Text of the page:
Refresh your Event Planning Perspective: Why Every Event Planner Must Attend Events

This past weekend I attended a conference with my husband – it was a personal commitment, not work-related. However, as an event manager, it is easy to be distracted by the elements of the event and how the logistics were planned, and constantly assess what you would have done differently if you had planned it yourself. Unintentionally you get diverted from the reason you are there: the content. Thankfully, I was able to focus on the speakers. However, I was surprised at how many other takeaways I left the weekend with. Being an attendee refreshed my perspective as an event planner. I left encouraged by the content but also feeling convinced that every planner should make it a goal to attend events planned by others. Here’s why:

Empathy – I had a few moments throughout the 2.5-day conference where I thought to myself, “so this is how attendees feel.” We received name badges upon arrival, and I attached mine to my sweater, as I watched my husband sheepishly put his into his pocket. I, of course, know the value of name badges: they help you network, giving those around you a visual tool to remember your name; they help the event staff get your attention or confirm that you are an event participant, etc., and yet as Northerners (stereotypically very content not speaking to strangers), my husband and I were not there to make new friends or meet new people, we were there to absorb the program material. At many of the corporate events Castle executes, name badges are required, and there are always a stubborn few who refuse to put their badge on. Having to walk around in a group of strangers wearing a name badge myself, it reinforced my understanding of the need to be patient with attendees who don’t like them. This is just one small example, but in so many cases, being able to see, hear, and feel something for yourself, can bring empathy to the variety of attendee experiences we witness and onsite problems we solve as planners.

New Ideas – At this event, the photo booth and resource center were in the foyer space next to the bathroom. During each session break, when a line naturally formed at the bathroom, people also took photos or engaged with the staff in the resource area. While it seems logical not to put things near the restrooms, I thought it was clever how the planners utilized what could have been an empty space to encourage attendee engagement. They captured attendees who may not have sought out this event activity, while they waited in line or waited for their friends.

Good Reminders – Being an attendee reinforces what you already know as a planner. At the private continental breakfast buffet, there were individually packaged cereals mid-buffet, followed by milk. As no one is going to fill a bowl with milk and add the cereal after, a slow-down started as each guest would unpackage their cereal and pour it into the bowl before moving on. Adding to the traffic jam, the trash cans to dispose of your individually-portioned cereal box were on the other side of the room. This buffet experience emphasized the importance of thinking through the flow of the buffet line when planning menus and floorplans. As event planners, it’s our job to think these things through on behalf of our clients, and ensure everything from breakfast to the after party runs smoothly! Another good reminder was seeing how effective the count-down clock and accompanying music were in getting guests back in their seats after a short session break. The clock helped set expectations and gave everyone a clear understanding of how long they had until the session started back up. The “voice of God” and on-screen visual sent a clear message to the large group within the room and in the hallway, without requiring the speaker to repetitively call guests to their seats from the stage. This kept the program on schedule.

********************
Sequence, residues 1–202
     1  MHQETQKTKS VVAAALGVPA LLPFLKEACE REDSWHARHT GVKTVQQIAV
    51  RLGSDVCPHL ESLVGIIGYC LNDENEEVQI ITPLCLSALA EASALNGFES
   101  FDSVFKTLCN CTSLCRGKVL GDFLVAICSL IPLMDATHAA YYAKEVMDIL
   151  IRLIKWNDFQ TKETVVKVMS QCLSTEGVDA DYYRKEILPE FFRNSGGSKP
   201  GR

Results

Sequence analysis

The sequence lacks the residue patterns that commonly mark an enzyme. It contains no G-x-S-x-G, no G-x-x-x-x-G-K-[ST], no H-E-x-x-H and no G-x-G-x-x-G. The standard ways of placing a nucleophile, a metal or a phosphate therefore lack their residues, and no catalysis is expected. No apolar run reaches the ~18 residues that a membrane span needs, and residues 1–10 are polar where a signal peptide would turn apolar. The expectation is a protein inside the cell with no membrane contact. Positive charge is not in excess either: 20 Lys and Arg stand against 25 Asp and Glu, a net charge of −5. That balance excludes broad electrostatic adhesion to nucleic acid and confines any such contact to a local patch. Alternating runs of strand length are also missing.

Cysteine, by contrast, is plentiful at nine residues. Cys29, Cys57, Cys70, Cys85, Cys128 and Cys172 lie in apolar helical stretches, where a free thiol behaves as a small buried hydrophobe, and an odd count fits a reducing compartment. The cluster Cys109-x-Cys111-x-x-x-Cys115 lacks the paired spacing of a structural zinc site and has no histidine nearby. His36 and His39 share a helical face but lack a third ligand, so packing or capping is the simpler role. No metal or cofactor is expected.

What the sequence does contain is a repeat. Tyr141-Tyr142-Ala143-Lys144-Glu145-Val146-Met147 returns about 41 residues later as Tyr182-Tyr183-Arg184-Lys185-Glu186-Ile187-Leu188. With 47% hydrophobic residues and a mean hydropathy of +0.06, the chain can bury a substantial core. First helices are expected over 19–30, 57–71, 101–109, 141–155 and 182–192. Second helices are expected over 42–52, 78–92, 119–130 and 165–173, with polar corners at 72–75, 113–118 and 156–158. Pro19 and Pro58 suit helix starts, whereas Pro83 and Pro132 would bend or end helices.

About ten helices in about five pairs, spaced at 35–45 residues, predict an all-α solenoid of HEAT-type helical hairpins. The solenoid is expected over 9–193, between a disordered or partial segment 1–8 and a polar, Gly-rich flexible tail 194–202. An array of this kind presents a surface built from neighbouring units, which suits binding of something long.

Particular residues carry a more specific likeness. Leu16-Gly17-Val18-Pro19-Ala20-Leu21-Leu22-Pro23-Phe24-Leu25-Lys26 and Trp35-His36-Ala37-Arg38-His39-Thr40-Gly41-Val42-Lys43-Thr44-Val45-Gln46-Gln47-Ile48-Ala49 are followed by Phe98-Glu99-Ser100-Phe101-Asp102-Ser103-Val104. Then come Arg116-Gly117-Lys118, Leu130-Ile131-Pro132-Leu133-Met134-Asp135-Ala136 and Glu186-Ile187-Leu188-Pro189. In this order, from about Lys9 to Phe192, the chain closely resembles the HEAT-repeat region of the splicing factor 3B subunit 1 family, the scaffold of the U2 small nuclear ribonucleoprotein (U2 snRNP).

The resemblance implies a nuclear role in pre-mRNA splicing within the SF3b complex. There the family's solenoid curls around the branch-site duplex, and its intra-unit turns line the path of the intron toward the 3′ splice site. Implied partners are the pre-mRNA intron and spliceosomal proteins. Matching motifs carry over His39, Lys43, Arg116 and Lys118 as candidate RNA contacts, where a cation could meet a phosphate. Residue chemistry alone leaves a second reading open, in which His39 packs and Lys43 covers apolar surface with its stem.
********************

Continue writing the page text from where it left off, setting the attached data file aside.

While these anecdotes may seem inconsequential, the overall experience of being an attendee gave me new appreciation for my own talented team of coworkers and the thought we put into every element of our events. Walking a mile in our attendees’ shoes and getting a refresher as to what it’s like to be in the audience, only helps us better accommodate the needs of our clients and guests. Whether you are an event planner, a marketing manager, or a decision-maker at your company, I encourage you to make the time to be a guest yourself; it will make you a better host and planner.

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